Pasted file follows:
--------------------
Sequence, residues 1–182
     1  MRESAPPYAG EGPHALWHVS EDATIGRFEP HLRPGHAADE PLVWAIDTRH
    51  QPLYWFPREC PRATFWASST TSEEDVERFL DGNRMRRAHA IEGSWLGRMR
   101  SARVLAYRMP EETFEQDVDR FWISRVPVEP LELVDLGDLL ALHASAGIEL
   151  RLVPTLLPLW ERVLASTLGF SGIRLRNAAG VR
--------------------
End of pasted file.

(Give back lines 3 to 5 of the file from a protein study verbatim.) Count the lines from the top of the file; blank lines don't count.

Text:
    51  QPLYWFPREC PRATFWASST TSEEDVERFL DGNRMRRAHA IEGSWLGRMR
   101  SARVLAYRMP EETFEQDVDR FWISRVPVEP LELVDLGDLL ALHASAGIEL
   151  RLVPTLLPLW ERVLASTLGF SGIRLRNAAG VR